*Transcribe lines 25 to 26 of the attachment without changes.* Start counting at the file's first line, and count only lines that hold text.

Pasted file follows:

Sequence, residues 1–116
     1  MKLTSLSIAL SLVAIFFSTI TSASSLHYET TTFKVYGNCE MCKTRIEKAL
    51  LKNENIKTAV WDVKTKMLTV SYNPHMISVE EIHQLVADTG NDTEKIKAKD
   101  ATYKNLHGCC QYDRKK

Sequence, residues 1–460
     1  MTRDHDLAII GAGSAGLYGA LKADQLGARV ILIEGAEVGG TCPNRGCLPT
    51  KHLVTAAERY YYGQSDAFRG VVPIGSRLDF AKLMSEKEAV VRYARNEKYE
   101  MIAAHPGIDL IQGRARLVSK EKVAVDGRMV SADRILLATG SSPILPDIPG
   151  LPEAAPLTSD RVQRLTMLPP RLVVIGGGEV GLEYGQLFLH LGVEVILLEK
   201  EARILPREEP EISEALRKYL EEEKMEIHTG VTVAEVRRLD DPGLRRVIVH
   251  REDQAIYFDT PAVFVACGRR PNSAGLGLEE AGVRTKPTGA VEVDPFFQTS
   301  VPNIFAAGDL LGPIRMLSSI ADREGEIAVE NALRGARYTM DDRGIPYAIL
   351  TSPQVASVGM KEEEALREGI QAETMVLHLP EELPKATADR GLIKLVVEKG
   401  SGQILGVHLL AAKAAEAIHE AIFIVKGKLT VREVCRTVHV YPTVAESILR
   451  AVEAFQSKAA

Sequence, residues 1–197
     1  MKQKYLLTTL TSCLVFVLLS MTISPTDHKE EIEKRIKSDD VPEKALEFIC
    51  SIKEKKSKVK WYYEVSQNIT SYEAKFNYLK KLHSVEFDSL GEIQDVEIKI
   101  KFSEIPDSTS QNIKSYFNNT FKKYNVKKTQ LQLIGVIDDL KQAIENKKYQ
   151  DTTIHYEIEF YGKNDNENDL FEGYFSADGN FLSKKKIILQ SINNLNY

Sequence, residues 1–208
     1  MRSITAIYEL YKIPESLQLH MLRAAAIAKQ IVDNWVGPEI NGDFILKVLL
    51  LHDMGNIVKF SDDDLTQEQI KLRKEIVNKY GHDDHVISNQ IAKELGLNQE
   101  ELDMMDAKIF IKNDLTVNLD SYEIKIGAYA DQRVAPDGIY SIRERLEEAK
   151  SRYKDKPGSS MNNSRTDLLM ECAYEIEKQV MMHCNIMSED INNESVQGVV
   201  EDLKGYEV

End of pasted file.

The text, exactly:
   151  SRYKDKPGSS MNNSRTDLLM ECAYEIEKQV MMHCNIMSED INNESVQGVV
   201  EDLKGYEV